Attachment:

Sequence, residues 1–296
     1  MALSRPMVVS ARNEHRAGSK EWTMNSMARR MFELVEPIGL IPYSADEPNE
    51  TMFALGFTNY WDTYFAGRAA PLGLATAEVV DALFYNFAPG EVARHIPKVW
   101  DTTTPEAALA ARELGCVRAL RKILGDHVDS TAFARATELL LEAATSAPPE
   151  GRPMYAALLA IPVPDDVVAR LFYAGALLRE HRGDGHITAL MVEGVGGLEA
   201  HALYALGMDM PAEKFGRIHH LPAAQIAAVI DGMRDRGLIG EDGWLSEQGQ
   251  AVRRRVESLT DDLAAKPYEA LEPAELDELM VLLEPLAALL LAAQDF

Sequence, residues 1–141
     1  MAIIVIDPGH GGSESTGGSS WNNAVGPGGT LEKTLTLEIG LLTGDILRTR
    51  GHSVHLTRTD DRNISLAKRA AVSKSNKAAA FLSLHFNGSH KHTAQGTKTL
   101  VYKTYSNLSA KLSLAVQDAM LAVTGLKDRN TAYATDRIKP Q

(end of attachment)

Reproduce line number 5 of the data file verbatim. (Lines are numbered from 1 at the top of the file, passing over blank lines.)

   151  GRPMYAALLA IPVPDDVVAR LFYAGALLRE HRGDGHITAL MVEGVGGLEA